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McDonald’s (MCD) Q2 2022 earnings beat estimates

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An indication is posted in front of a McDonald’s restaurant on April 28, 2022 in San Leandro, California.

Justin Sullivan | Getty Images

McDonald’s on Tuesday said each price hikes and value items fueled U.S. same-store sales growth, which was higher than expected during its second quarter.

Nevertheless, CEO Chris Kempczinski said the environment remains to be “difficult” as inflation and the war in Ukraine weighed on its quarterly results and consumer sentiment.

“We now face war in Europe, inflation is running at the very best levels in 40 years, rates of interest are rising to levels we have not seen in years. All of that is contributing to weak consumer sentiment all over the world and the opportunity of a worldwide recession,” Kempczinski told analysts on a conference call Tuesday morning.

Shares of the corporate were up nearly 2% in morning trading..

Here’s what the corporate reported compared with what Wall Street was expecting, based on a survey of analysts by Refinitiv:

  • Earnings per share: $2.55 adjusted vs. $2.47 expected
  • Revenue: $5.72 billion vs. $5.81 billion expected

McDonald’s reported second-quarter net income of $1.19 billion, or $1.60 per share, down from $2.22 billion, or $2.95 per share, a yr earlier. The corporate reported a $1.2 billion charge related to the sale of its Russian business because of the war in Ukraine.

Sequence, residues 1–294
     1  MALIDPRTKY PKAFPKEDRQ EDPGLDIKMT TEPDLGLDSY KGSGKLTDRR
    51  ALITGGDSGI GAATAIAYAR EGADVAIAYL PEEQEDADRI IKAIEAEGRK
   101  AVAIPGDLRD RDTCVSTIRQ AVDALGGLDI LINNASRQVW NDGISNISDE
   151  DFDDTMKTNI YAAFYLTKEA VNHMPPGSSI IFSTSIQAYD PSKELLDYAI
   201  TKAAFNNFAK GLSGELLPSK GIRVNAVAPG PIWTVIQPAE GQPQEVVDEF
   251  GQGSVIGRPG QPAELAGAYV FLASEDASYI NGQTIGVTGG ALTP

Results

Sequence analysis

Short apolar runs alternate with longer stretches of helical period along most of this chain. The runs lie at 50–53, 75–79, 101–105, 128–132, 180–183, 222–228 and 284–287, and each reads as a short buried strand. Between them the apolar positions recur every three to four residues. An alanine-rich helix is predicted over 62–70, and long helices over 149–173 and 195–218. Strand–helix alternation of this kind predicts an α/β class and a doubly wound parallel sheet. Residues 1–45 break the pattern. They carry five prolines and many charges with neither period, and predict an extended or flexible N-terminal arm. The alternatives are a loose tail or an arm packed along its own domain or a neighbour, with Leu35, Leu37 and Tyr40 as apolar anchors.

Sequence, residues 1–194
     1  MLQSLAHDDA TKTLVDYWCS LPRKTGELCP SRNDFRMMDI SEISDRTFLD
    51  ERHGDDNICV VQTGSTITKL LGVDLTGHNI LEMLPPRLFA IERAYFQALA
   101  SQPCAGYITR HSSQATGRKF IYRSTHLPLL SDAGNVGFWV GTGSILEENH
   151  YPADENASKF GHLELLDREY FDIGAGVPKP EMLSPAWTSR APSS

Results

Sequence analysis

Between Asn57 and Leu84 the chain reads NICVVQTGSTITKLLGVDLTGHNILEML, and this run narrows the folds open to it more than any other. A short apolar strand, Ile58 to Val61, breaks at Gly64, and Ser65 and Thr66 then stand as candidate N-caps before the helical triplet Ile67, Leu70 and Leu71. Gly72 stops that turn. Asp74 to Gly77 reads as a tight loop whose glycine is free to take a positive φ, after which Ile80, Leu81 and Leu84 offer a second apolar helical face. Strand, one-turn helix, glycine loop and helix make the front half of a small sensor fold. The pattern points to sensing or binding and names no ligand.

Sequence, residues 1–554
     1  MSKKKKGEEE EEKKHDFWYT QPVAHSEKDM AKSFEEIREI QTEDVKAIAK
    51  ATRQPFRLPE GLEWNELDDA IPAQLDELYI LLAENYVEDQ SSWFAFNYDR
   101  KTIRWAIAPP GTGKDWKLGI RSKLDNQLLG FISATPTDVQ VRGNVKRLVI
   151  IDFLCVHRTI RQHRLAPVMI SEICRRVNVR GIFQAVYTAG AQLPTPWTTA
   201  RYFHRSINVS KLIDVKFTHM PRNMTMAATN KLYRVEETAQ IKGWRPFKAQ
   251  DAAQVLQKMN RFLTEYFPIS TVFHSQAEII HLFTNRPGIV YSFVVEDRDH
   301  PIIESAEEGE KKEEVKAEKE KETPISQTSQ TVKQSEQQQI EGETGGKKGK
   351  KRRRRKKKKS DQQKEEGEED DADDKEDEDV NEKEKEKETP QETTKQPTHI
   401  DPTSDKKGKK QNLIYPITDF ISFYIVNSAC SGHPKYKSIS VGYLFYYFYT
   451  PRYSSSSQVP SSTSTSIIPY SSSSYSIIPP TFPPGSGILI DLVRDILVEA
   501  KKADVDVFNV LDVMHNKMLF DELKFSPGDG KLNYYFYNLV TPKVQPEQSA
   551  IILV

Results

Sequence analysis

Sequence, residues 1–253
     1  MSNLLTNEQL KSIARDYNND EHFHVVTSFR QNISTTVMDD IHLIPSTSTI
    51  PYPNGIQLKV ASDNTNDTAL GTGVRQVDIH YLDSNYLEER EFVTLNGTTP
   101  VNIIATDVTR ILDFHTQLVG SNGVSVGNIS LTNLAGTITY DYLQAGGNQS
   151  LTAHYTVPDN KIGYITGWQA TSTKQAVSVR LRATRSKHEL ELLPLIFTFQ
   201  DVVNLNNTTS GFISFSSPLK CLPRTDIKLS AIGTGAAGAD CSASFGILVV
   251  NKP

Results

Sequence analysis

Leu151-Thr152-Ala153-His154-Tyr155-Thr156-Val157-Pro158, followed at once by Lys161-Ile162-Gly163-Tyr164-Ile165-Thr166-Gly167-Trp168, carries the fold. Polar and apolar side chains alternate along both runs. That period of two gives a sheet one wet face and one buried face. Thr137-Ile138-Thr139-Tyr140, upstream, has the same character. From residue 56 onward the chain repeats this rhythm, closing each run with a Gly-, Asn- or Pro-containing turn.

Excluding that charge, a French tax settlement and other items, the fast-food giant earned $2.55 per share.

Inflation dragged down the corporate’s earnings, despite price hikes. For the complete yr, McDonald’s is projecting 12% to 14% inflation for food and packaging within the U.S. and even higher levels in Europe. Executives said U.S. inflation topped that level within the second quarter and can likely surpass it within the third quarter before moderating within the fourth quarter.

Net sales fell 3% to $5.72 billion, hurt partly by the closure of McDonald’s Russian and Ukrainian restaurants.

Global same-store sales rose 9.7% within the quarter, fueled by strong international growth. Russian locations were excluded from the corporate’s same-store sales calculations, but Ukrainian restaurants were included.

U.S. same-store sales increased 3.7% within the quarter, topping StreetAccount estimates of two.8%. The corporate credited strategic price hikes and its value offerings for its strong performance. Last quarter, McDonald’s executives said some low-income consumers were trading all the way down to cheaper options in response to inflation, and the trend continued this quarter.

The corporate’s international developmental licensed markets division saw its same-store sales climb 16% within the quarter. Same-store sales shrank in China as the federal government reimposed Covid restrictions, but growth in Brazil and Japan greater than offset the market’s weak performance.

McDonald’s international operated markets segment reported same-store sales growth of 13%, fueled by strong demand in France and Germany. Executives said that the division’s restaurants stole traffic share from other fast-food chains. Nevertheless, Germany, Spain and France are seeing consumer sentiment fall, even to record lows in some cases, in response to executives.

Read the complete earnings report here.

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